Updated: August 10, 2012 6:29AM
Dear Abby: Over the past month I have accidentally dialed a couple of wrong numbers. Because no one answered, I didn’t think it was necessary to leave a message.
Abby, both times the recipient of the wrong number called me to find out why I had called. The first time it was an irate mother demanding to know why I was calling her kid’s cellphone. She threatened to call the police if I ever called again. The second individual also angrily demanded to know why I was calling. These folks could not accept the fact that I had simply misdialed.
I feel their reactions were unwarranted. Would you agree?
Honestly Mistaken In Plano, Texas
Dear Honestly Mistaken: People call wrong numbers every day. A misdial can occur if the caller is in a hurry or has poor vision, and it should not be a cause for panic or rudeness. If it happens again, the best way to respond is, “I misdialed. I’m sorry I bothered you.” Then end the call.
Dear Abby: My mother’s Alzheimer’s became apparent after she was in a car accident. I should have noticed the signs earlier, but I didn’t. Her body recovered, her mind did not.
I built a new house with a separate suite for her. My wife and I tried to care for her for a year, but I’m disabled and Mom was afraid of my wife. There was never a moment’s peace. Fearing for our collective health, I placed Mom into an assisted living facility. It was one of the hardest decisions of my life.
My children criticized me but offered no alternatives. I visited her as often as possible. Because I could no longer drive, I sent someone with gifts and treats for her. Mom died in 2007 after 10 years in the facility. The last few years, she didn’t know me from a doorknob. Her disease left my wife and me drained emotionally and financially. I still feel guilty for not doing more. The look of fear on her face haunts me still. Is this normal for someone in my circumstances?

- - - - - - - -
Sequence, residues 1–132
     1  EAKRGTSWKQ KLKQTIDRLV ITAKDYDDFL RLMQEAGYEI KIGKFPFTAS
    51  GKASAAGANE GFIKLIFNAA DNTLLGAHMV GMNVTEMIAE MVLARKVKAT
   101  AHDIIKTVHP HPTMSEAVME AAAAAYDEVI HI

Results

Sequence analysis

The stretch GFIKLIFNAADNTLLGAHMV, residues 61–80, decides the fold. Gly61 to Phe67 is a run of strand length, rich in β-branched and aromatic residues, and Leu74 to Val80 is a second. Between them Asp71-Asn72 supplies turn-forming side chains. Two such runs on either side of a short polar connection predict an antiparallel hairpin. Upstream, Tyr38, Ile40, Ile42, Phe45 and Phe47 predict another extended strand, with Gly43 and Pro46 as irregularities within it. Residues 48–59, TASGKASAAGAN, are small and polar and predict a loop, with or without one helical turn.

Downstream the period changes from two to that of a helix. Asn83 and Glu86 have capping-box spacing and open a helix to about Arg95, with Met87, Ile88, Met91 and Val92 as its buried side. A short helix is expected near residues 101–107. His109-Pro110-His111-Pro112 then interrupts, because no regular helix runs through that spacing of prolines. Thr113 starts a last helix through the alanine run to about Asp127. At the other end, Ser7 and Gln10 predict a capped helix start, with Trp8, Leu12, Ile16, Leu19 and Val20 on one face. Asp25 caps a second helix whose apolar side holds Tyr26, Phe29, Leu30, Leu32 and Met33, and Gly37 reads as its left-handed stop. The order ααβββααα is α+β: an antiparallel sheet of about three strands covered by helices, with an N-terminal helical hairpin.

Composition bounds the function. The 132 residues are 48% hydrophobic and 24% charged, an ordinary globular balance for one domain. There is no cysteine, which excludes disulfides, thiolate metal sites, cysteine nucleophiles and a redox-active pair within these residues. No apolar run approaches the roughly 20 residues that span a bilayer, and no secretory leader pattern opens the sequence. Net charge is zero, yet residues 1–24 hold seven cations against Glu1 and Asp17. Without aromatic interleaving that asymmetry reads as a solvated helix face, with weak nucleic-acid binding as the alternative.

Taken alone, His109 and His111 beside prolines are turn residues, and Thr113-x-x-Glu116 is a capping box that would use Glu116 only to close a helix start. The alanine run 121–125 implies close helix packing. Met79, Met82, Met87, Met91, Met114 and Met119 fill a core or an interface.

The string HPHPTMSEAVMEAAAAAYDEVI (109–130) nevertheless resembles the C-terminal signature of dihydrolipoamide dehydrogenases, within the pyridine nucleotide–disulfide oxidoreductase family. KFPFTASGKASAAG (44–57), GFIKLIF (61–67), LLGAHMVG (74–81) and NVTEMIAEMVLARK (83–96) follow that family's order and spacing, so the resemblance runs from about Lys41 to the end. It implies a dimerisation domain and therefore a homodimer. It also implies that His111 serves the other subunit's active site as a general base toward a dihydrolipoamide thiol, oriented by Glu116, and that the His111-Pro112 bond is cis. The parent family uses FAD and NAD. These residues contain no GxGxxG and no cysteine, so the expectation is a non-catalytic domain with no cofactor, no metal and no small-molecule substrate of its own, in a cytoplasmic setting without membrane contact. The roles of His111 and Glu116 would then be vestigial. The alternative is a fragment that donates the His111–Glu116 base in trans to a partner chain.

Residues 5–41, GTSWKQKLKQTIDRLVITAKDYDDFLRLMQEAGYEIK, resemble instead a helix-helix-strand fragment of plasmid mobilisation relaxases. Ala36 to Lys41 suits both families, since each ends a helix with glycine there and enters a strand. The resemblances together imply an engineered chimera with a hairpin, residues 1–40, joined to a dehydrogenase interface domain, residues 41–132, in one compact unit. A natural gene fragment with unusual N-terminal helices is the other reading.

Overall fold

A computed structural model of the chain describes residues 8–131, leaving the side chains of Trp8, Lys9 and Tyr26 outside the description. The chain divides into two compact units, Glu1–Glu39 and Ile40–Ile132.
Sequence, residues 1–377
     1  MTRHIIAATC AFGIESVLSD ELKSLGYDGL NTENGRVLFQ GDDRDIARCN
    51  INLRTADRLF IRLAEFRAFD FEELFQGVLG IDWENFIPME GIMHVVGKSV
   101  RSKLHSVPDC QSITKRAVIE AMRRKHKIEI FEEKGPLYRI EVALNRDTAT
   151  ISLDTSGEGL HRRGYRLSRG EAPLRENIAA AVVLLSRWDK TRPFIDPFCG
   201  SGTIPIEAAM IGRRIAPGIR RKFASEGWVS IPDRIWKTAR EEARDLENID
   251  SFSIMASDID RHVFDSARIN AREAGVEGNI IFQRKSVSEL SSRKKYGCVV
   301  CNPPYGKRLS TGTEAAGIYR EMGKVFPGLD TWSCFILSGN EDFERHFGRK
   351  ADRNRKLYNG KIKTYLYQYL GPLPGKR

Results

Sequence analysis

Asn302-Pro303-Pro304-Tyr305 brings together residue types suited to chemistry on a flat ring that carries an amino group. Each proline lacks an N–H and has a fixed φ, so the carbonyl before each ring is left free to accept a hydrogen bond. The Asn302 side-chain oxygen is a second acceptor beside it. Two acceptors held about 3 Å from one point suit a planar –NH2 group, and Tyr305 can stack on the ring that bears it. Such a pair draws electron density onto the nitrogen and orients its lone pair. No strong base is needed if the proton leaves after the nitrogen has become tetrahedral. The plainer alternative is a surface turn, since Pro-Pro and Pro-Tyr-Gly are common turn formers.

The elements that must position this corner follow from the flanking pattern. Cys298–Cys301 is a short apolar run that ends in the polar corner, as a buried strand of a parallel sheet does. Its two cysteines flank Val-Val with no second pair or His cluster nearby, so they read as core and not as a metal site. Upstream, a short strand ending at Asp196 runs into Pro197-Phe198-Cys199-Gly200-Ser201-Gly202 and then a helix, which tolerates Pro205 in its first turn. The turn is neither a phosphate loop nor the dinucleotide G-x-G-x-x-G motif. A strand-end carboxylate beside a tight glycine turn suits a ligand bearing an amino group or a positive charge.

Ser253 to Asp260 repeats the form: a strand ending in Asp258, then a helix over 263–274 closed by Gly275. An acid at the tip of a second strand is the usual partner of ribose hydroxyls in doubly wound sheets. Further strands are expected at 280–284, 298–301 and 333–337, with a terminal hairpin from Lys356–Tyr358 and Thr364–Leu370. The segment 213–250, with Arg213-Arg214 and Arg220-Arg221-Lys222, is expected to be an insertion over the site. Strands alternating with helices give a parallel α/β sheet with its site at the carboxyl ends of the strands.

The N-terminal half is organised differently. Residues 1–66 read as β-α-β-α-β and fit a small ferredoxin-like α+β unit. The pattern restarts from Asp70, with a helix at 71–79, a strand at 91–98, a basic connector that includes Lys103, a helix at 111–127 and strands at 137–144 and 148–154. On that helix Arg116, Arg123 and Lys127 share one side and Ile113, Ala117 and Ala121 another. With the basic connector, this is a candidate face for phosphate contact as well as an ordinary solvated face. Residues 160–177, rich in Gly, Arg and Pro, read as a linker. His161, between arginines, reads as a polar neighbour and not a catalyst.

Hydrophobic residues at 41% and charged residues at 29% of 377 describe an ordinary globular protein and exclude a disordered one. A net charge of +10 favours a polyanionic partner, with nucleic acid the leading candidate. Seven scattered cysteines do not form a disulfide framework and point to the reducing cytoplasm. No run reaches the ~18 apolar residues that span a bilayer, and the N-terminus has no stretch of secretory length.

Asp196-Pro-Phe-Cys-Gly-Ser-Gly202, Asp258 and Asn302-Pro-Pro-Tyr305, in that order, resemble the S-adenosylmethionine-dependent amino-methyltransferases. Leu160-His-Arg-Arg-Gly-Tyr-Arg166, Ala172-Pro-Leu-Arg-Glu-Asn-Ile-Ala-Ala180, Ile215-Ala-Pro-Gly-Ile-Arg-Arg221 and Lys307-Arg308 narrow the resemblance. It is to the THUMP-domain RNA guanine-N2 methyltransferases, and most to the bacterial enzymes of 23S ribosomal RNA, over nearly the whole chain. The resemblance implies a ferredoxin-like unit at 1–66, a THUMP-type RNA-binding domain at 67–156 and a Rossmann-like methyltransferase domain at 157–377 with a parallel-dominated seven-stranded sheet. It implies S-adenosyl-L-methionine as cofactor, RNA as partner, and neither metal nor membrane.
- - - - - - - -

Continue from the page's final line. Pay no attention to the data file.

Only Child In Florida
Dear Only Child: Yes, it’s very common. I’m sorry for your mother’s passing and the difficult years you and your family experienced because of her illness.
Given the progressive nature of Alzheimer’s, it can be extremely taxing and affect the physical, mental and financial health not only of the person with the disease, but also his or her caregivers. When caregivers attempt to shoulder these responsibilities alone, they put their own health at risk. Moving your mother into a residential facility was a way to ensure she got the care she needed and take care of yourself at the same time.
Alzheimer’s is often referred to as a “marathon, not a sprint.” That’s why it’s important for caregivers to get help — whether it’s a residential facility, professional in-home help or family and friends. If they don’t, the results can be disastrous.
It’s common for caregivers to feel guilty and wish they could have done more, but it’s important that you let these feelings go. You did everything you could to ensure your mother received the best care possible. If you need to talk to someone about your feelings, call the Alzheimer’s Association 24/7 helpline at (800) 272-3900, or visit alz.org to find a local chapter or support group.
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